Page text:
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A **bow shock**, also called a **detached shock** or **bowed normal shock**, is a curved propagating disturbance wave characterized by an abrupt, nearly discontinuous, change in pressure, temperature, and density. It occurs when a supersonic flow encounters a body, around which the necessary deviation angle of the flow is higher than the maximum achievable deviation angle for an attached oblique shock (see detachment criterion^{[1]}). Then, the oblique shock transforms in a curved detached shock wave. As bow shocks occur for high flow deflection angles, they are often seen forming around blunt bodies, because of the high deflection angle that the body impose to the flow around it.

The thermodynamic transformation across a bow shock is non-isentropic and the shock decreases the flow velocity from supersonic velocity upstream to subsonic velocity downstream.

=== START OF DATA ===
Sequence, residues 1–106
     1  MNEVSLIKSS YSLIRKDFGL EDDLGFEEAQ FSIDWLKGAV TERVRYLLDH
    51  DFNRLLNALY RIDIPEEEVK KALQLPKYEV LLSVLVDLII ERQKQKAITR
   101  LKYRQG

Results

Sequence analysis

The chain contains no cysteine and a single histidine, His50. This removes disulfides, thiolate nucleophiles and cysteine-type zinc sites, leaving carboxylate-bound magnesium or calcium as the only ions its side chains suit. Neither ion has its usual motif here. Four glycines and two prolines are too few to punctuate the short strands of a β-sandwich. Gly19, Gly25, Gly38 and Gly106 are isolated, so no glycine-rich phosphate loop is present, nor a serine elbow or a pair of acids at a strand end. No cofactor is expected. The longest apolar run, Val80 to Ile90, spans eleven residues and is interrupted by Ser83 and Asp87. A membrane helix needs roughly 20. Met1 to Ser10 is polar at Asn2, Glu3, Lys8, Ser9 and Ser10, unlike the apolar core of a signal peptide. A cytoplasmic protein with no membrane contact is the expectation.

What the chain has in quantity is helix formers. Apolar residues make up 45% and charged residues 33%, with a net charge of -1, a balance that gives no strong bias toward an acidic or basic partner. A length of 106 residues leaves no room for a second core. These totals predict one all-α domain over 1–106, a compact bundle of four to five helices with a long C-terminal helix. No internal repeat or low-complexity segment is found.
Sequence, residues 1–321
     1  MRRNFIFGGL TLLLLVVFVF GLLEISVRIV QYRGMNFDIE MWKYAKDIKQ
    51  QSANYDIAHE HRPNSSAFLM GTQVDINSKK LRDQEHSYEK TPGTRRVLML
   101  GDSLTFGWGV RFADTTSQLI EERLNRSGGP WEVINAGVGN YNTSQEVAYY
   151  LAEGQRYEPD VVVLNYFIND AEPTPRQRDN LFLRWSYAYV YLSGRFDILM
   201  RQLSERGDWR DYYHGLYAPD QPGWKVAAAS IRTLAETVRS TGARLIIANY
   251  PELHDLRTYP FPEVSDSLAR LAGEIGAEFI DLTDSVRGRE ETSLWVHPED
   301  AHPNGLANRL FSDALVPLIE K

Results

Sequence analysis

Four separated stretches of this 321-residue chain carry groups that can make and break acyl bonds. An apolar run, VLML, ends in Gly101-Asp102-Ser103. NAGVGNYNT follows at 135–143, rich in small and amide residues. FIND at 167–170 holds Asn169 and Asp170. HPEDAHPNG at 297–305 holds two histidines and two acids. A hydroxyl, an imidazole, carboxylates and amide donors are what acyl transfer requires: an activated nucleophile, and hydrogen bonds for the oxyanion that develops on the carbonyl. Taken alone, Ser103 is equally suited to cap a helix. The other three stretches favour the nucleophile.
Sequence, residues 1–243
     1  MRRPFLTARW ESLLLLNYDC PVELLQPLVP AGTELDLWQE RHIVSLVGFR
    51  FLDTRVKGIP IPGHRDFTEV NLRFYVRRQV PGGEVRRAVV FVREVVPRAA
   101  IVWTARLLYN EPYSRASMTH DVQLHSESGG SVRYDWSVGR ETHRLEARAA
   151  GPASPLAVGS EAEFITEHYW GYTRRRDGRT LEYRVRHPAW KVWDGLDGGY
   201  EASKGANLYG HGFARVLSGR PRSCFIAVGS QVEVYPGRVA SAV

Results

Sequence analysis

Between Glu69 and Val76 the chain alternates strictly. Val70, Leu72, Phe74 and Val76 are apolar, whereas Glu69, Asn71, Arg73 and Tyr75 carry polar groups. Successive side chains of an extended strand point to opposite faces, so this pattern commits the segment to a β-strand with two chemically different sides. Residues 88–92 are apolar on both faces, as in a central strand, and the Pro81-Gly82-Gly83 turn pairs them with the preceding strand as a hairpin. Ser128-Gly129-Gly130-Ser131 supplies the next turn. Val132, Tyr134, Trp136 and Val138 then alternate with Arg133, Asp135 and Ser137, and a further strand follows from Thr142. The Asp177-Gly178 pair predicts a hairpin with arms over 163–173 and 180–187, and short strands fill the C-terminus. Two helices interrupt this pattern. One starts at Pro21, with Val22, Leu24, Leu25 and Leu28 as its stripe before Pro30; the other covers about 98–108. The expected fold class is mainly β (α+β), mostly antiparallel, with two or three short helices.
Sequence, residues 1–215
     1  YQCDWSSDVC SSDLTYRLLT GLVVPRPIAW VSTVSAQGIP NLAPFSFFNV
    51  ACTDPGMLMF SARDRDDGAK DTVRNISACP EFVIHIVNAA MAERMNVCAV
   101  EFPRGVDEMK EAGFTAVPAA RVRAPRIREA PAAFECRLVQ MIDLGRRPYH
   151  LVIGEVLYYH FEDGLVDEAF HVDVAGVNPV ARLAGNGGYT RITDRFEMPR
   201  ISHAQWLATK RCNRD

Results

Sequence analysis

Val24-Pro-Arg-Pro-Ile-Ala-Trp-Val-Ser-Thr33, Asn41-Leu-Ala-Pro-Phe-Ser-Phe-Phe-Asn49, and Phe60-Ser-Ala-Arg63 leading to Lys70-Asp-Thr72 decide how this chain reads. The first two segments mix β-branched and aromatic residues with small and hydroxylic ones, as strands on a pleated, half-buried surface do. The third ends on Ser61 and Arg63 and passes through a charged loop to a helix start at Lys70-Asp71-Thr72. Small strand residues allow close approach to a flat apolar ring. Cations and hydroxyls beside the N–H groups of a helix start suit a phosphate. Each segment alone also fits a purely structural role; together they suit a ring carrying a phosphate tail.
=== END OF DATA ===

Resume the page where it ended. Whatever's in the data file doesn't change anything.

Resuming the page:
The bow shock significantly increases the drag in a vehicle traveling at a supersonic speed. This property was utilized in the design of the return capsules during space missions such as the Apollo program, which need a high amount of drag in order to slow down during atmospheric reentry.

As in normal shock and oblique shock,

- The upstream static pressures is lower than the downstream static pressure.
- The upstream static density is lower than the downstream static density.
- The upstream static temperature is lower than the downstream static temperature.
- The upstream total pressure is greater than the downstream total pressure.
- The upstream total density is lower than the downstream total density.
- The upstream total temperature is equal to the downstream total temperature, as the shock wave is supposed isenthalpic.

For a curved shock, the shock angle varies and thus has variable strength across the entire shock front. The post-shock flow velocity and vorticity can therefore be computed via the Crocco's theorem, which is independent of any EOS (equation of state) assuming inviscid flow.^{[2]}